Domain

Learning Health System

Type

Protocol

Theme

population

Start Date

7-6-2014 10:25 AM

End Date

7-6-2014 11:45 AM

Structured Abstract

Introduction and Purpose

For the Washington Heights/Inwood Informatics Infrastructure for Comparative Effectiveness Research (WICER) project (R01HS019853), we compiled survey data from >5,800 primarily Latino members of a northern Manhattan community. Survey items included anthropometric measures (e.g., blood pressure, waist circumference, body mass index), health behaviors (e.g., physical activity, nutrition), and self-reported outcomes (e.g., depression and anxiety symptoms, sleep quality, chronic stress, overall health). We created a series of infographics that will be tailored to each participant and viewable via the community web portal GetHealthyHeights.org in order to return survey data to participants in an easily-comprehensible and actionable format. Automation of infographics tailoring necessitated the invention of an adaptable, reusable, generalizable approach we named Electronic Tailored Infographics for Community Engagement, Education, and Empowerment (EnTICE3). Integral to the success of EnTICE3 has been communication and collaboration between the team members responsible for infographic design and those responsible for technical architecture. The purpose of this abstract is to describe the key features of the style guide that facilitated interdisciplinary teamwork.

Methods

The authors worked collaboratively to identify which components of each infographic would be dynamic and the various technical architecture strategies that could be employed to automatically generate each dynamic component. Particular attention was paid to strategies flexible enough to display very low, very high, and non-missing zero values.

Innovation

The lead author created a style guide in order to convey design attributes that the technical architect subsequently transformed into formal computational processes. The following attributes were specified for each infographic: 1) study variables (e.g., age, sex, fruit servings per day); 2) comparator(s), if applicable (e.g., mean value for sex by age group); 3) units (e.g. whole numbers or tenths, ‘healthy,’ ‘borderline,’ or ‘unhealthy’); 4) criteria, if applicable (e.g., blood pressure reference ranges); 5) dynamic components (e.g., height of bar on chart, position of indicator box on tape measure); 6) versions (i.e., English and Spanish, male and female); 7) additional notes (e.g., how to treat zero values); 8) Spanish translations of all text; and 9) one or more sample graphics for reference. Also provided was a list of the fonts and color values to be used to maintain a consistent palette and style across infographics.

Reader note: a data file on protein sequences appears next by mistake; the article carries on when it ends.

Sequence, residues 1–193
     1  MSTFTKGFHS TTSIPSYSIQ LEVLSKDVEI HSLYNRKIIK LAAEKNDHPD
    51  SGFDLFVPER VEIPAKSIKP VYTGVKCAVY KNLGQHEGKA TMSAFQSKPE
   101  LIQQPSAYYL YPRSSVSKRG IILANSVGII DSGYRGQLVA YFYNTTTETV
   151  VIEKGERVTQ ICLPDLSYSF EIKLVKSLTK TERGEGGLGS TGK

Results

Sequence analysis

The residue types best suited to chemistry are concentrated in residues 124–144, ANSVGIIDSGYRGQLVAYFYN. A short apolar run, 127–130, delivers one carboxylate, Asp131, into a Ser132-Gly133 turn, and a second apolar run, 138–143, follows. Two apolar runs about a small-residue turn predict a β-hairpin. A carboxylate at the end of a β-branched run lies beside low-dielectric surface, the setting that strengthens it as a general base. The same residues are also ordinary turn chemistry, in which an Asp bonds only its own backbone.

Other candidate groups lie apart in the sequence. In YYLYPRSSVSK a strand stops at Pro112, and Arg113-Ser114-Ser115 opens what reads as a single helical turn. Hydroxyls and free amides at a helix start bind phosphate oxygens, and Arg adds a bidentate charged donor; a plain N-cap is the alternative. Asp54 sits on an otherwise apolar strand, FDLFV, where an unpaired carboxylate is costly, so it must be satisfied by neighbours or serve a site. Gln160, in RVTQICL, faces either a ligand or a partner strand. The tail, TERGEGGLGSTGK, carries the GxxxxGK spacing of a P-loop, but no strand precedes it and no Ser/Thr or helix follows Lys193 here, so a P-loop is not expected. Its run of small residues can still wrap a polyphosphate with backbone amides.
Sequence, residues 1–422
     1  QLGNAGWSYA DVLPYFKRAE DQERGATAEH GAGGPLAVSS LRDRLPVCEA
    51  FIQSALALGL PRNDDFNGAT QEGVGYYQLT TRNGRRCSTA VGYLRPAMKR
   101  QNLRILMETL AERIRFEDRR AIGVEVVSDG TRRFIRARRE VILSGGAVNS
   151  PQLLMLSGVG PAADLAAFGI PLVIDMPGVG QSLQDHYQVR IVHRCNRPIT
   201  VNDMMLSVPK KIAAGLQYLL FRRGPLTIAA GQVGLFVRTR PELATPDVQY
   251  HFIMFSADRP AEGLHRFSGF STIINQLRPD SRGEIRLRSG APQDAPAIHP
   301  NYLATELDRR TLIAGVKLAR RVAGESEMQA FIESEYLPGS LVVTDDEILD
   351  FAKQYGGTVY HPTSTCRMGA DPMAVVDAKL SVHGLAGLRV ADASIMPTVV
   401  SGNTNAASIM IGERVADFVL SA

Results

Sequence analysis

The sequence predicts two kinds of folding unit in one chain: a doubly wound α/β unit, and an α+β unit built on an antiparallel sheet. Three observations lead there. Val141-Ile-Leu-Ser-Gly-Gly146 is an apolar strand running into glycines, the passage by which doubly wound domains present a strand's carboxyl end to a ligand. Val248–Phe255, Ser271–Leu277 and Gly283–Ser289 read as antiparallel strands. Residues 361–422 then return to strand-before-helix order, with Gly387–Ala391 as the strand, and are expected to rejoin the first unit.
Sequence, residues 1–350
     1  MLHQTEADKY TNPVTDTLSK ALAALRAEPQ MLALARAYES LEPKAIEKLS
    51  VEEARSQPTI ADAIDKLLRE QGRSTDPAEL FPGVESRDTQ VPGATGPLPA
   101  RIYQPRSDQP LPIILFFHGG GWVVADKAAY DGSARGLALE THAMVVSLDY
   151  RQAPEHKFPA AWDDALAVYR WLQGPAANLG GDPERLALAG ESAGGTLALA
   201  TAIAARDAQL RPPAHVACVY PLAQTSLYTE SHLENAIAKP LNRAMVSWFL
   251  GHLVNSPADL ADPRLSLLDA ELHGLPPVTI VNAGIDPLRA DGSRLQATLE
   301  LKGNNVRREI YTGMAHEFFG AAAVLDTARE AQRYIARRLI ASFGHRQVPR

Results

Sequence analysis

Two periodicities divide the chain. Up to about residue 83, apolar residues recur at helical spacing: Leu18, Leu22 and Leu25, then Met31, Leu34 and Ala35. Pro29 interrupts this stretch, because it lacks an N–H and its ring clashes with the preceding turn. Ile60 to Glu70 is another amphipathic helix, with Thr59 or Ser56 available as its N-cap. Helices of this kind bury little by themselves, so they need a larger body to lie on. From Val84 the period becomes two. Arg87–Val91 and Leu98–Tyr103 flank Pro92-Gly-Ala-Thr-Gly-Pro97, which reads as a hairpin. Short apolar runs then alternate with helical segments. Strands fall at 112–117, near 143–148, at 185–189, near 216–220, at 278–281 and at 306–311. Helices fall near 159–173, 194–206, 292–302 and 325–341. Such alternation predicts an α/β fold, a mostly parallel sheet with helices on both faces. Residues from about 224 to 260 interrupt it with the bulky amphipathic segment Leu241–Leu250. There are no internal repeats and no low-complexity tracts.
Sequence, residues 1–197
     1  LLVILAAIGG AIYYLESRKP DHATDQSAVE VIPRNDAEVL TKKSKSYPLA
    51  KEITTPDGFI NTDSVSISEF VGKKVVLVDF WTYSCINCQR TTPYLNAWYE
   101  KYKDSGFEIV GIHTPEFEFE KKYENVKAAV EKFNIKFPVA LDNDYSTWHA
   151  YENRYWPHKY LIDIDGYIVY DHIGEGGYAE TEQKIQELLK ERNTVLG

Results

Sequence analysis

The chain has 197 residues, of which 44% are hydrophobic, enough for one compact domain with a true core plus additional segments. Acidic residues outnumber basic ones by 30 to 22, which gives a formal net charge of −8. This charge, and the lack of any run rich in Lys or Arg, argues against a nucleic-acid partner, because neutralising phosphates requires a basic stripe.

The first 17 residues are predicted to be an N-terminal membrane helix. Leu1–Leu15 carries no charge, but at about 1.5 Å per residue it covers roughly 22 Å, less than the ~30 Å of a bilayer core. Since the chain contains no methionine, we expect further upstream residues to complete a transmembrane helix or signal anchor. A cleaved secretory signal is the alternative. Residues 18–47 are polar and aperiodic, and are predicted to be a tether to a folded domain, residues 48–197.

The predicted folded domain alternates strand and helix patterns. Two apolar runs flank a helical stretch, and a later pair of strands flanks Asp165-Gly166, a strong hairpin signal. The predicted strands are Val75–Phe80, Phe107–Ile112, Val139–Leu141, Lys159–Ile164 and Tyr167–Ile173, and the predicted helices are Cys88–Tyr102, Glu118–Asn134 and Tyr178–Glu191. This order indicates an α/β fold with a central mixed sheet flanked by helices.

Discussion

The style guide facilitated communication between infographic designer and technical architect by organizing all the information necessary for rule-based programming into a consistent, structured format. The process of developing the style guide required the designer to think systematically about how each graphic would be operationalized. For the technical architect, it served as a durable reference to the desired look and functionality of the final product without dictating the strategy by which that product was to be achieved.

Conclusion

Tailored infographics are an innovative health communication medium aimed at improving population health. The development and deployment of a style guide supported the clear communication and high degree of collaboration between team members necessary to the implementation of an automated tailoring system. We recommend this communication framework to others engaged in similar projects.

Acknowledgements

This research is supported by R01HS019853, R01HS022961, NYS Department of Economic Development NYSTAR (C090157). Dr. Arcia is supported by T32NR007969.

Creative Commons License

Creative Commons Attribution-Noncommercial-No Derivative Works 3.0 License